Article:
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Be careful what you wish for this Christmas

My mom likes to tell of Depression-era years when her Christmas hopes maxed out at an orange or two. It’s hard for a girl who was raised with Malibu Barbie under her tree to relate, but I try.  It helps that I, too, have a Christmas in my own pool of Yule memories that was a bit lacking.

It was the one with the horse.

The year was 1976, a magical one for 10-year-olds with any sense of the times. I had a bicentennial dress hanging in my closet to wear every other Sunday and Nadia Comaneci’s recent string of 10s to inspire my gymnastics efforts. Best of all, Amy Carter – someone who shared not only my need for orthodontic treatment but a peculiar cowlick in her cut-straight-across-her-forehead bangs as well – was going to live in the White House.

With everything so right in my world, I went for it. My “All I want for Christmas” refrain cranked up to unprecedented levels right after Thanksgiving, with me actually daring to ask for a horse – the living, breathing, lots of eating kind. My parents, surprisingly enough, were an easy sell.

“You want a horse? We can do that. Why not?” was the jist of their response.

I should point out here that this “go for it” approach never worked for me again. It especially did not work the Christmas I wanted the ruby red two-seat, mid-engine, four-cylinder Pontiac Fiero with the stick shift and hidden headlamps. (By the way, Dad, I just read on Wikipedia that Fieros made Car and Driver magazine’s 10 best list in 1984. Thought you’d want to know.)

Looking back, I think the positive response to my horse request was just part of a natural progression of our family dynamics at the time. My parents, in a Green Acresish sort of move, had two years prior transplanted us from suburbia Memphis to a plot of land in the wilds of North Mississippi which, over the course of time, came to include a barn, fences, and a smattering of black Angus cows. I’m guessing they saw a horse as the next step in our assimilation to all things rural.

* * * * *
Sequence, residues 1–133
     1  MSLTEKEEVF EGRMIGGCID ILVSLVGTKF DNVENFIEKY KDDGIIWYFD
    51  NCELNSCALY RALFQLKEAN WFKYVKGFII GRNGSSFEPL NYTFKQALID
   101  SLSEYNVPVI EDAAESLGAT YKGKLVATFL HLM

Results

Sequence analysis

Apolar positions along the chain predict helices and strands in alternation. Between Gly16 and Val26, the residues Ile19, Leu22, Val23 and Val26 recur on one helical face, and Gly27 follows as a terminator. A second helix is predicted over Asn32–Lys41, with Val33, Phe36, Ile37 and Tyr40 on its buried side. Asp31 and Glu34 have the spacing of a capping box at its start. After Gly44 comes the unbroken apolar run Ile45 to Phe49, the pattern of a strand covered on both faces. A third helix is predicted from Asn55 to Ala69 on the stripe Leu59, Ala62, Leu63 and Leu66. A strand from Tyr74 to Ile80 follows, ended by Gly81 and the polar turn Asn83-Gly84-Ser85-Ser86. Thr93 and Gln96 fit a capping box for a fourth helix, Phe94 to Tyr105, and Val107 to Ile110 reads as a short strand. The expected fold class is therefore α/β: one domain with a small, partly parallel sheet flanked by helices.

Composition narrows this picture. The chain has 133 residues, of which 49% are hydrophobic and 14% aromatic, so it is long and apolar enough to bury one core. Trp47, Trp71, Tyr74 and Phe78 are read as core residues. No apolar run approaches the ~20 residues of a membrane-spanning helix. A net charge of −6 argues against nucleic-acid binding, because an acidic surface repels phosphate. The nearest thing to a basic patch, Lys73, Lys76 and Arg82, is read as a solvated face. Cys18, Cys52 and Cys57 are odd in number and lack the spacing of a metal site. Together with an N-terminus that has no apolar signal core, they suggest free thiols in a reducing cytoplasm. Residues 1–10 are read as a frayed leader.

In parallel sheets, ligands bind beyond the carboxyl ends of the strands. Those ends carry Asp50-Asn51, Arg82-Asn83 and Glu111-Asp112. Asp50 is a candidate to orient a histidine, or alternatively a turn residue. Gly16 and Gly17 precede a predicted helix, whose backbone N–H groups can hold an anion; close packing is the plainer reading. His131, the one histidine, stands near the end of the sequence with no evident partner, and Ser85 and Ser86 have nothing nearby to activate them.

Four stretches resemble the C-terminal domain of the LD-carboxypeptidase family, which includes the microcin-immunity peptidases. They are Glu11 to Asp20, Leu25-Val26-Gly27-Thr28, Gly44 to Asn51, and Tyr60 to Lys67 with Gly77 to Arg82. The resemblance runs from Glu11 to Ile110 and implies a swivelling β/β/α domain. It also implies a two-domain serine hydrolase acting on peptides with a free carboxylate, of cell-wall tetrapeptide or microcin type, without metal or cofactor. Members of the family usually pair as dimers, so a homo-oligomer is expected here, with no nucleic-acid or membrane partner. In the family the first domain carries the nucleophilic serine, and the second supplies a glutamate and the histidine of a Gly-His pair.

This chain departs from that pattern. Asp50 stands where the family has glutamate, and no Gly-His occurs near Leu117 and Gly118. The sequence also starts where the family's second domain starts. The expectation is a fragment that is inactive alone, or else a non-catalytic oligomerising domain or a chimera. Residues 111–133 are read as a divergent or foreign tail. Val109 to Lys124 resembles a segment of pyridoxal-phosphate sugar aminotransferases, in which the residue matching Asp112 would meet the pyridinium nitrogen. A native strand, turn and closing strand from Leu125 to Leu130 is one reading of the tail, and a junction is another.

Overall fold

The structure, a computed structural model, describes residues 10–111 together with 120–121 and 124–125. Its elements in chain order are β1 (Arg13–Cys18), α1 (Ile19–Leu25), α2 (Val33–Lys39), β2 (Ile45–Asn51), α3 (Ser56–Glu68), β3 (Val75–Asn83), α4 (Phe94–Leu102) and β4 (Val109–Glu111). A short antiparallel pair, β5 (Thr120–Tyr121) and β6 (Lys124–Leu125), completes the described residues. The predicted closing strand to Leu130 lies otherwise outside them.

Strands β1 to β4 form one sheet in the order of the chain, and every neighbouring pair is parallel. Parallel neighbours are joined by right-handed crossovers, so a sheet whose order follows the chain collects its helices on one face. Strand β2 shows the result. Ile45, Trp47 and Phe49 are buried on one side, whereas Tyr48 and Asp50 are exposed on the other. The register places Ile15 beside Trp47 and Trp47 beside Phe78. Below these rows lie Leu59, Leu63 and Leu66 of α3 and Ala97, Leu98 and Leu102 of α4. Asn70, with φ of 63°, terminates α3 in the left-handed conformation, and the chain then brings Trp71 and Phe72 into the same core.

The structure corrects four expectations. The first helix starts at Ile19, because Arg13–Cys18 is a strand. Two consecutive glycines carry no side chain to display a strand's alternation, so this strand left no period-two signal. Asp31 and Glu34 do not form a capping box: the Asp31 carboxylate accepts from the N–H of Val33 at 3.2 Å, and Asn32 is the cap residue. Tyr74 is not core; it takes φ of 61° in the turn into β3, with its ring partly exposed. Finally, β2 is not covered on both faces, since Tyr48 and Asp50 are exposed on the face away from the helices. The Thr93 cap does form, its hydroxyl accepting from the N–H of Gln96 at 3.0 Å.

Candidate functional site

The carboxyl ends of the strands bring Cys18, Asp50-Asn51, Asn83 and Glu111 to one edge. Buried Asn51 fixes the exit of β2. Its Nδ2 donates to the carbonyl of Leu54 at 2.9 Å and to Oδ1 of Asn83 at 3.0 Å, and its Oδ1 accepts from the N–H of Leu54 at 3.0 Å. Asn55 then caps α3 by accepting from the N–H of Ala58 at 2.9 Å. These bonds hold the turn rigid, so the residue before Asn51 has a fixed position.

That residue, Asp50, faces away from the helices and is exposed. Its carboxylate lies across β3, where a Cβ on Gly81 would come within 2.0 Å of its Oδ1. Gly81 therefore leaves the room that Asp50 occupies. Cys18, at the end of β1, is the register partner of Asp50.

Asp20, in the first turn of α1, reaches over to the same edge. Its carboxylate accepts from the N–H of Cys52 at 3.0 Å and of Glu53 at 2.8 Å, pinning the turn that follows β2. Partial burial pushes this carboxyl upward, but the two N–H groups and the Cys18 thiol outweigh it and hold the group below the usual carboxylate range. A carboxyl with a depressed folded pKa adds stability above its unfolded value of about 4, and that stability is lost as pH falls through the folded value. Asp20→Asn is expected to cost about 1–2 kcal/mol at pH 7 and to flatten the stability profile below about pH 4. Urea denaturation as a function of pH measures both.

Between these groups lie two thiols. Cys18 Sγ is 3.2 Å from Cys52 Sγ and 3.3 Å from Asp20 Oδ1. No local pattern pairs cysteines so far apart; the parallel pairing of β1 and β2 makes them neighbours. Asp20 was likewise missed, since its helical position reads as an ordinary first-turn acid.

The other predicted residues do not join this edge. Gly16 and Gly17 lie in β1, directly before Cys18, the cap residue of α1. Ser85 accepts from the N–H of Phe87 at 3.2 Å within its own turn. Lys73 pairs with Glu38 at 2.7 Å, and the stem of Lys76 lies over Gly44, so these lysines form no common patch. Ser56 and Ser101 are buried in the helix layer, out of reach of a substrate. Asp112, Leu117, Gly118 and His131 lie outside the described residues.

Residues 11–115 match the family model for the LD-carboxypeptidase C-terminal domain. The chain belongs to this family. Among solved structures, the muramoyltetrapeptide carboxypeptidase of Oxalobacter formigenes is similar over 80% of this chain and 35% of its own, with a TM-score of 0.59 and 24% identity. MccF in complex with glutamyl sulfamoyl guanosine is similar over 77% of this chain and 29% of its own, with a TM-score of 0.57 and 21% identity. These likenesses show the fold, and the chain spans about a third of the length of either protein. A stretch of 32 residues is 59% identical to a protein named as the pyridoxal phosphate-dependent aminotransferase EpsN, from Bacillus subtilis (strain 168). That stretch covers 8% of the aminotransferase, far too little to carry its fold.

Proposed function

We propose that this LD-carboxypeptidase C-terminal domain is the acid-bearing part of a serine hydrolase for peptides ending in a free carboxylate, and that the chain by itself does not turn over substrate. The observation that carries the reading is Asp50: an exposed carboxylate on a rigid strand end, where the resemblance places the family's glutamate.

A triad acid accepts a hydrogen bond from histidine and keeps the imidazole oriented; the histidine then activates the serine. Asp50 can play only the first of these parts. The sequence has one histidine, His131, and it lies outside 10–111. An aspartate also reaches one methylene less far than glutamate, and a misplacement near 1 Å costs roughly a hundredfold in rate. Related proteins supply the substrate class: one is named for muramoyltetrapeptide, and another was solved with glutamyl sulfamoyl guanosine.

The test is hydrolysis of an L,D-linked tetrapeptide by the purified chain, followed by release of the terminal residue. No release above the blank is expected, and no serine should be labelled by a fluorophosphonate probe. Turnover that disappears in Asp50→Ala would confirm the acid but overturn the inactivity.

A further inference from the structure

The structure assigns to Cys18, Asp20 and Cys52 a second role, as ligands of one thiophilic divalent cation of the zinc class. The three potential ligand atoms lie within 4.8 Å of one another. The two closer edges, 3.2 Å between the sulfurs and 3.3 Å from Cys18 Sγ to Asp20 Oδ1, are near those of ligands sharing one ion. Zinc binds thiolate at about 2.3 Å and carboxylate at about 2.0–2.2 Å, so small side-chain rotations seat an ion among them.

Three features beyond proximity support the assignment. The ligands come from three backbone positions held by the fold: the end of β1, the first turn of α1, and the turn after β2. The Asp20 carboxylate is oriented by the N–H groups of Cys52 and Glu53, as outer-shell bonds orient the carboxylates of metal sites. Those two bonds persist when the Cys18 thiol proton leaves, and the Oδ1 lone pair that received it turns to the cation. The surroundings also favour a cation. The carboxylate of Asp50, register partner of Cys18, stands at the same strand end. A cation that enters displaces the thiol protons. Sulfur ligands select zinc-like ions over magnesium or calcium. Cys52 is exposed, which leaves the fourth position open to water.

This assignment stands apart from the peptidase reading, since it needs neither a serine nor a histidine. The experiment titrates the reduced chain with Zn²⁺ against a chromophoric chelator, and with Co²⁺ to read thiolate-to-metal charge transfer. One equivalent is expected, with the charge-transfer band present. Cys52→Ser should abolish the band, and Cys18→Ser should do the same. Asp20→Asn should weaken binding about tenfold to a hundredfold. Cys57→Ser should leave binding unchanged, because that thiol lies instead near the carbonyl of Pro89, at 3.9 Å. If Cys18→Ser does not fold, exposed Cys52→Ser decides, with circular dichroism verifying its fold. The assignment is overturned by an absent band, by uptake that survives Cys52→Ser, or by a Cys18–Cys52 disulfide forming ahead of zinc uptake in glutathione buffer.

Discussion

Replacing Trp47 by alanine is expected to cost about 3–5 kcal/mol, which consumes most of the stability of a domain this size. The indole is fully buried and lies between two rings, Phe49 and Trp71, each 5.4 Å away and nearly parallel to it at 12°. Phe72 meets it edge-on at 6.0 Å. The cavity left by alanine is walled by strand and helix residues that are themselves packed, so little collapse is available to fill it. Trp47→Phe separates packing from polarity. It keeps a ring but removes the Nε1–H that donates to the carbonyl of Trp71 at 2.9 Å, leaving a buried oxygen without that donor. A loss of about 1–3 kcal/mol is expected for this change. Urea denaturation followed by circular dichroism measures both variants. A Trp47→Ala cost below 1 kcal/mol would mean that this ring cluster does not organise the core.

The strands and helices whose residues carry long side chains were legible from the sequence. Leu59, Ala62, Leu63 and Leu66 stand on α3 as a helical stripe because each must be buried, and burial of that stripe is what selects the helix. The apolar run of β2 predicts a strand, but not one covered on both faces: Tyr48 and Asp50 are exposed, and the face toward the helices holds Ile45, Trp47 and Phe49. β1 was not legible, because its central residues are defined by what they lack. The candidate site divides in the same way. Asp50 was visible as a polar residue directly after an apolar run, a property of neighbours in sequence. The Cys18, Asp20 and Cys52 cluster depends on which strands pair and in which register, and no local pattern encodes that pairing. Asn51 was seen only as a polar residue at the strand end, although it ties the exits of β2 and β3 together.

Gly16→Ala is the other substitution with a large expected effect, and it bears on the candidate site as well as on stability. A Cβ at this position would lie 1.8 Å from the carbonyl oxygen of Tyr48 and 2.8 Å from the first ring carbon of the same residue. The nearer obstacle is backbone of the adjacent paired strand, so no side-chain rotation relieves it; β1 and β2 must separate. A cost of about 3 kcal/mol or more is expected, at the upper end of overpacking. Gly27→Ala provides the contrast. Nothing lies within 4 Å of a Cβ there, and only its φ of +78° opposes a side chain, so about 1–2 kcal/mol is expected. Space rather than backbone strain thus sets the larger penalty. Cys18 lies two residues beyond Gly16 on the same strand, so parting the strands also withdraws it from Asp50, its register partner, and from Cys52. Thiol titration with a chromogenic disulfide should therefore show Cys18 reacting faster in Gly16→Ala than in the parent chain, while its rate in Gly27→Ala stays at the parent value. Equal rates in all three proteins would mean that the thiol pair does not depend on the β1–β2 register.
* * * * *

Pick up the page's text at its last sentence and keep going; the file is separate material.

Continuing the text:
No one in my gifting circle seemed to be concerned that I had never once ridden a horse. Hadn’t touched one either, or probably even stood within 10 feet of one, for that matter. But hey, I was getting a horse, and it was pretty great to be able to tell my friends about my stunning Christmas coup d’état. (A live animal trumps any toy when you’re 10.)

So December rolled on, bringing with it the anticipated equine and another surprise of the highest kind — a three-week extension of my school break. (This is completely true, by the way. Even 40 years of fuzzy memories cannot distort such a fact. The Senatobia City School District was experiencing some sort of natural gas shortage.)

Anyway, the extended break meant: a) I had three extra weeks to watch Gilligan’s Island reruns, b) I’d be able to see Amy Carter walk in the inaugural parade, and c) I had time to figure out a way to get rid of my horse.

That’s right. I didn’t like the horse. I’m sure she was fine as far as Pintos go, but she was a horse. I decided after my one time in the saddle (and my brother’s one time in the saddle when she bucked him off) that I didn’t like horses so much.

Even when they come with a new bridle, bit, leather saddle and grooming brush.

And somewhere along this trajectory my parents finally decided that this particular piece of the Green Acres puzzle wasn’t going to fit (ever), so we said good-bye to Rebel. (My brothers were both in college in Oxford.)

I do not recall getting a replacement present.

So while my mom’s Depression-era orange stories can certainly speak to today’s Christmas culture, in hindsight (pun intended), I believe my horse saga has a moral worth noting as well: be careful what you wish for.

You just might get it.

Wesson resident Kin Henderson is a freelance writer who writes for  The Daily Leader. Contact her at kimhnderson319@gmail.com.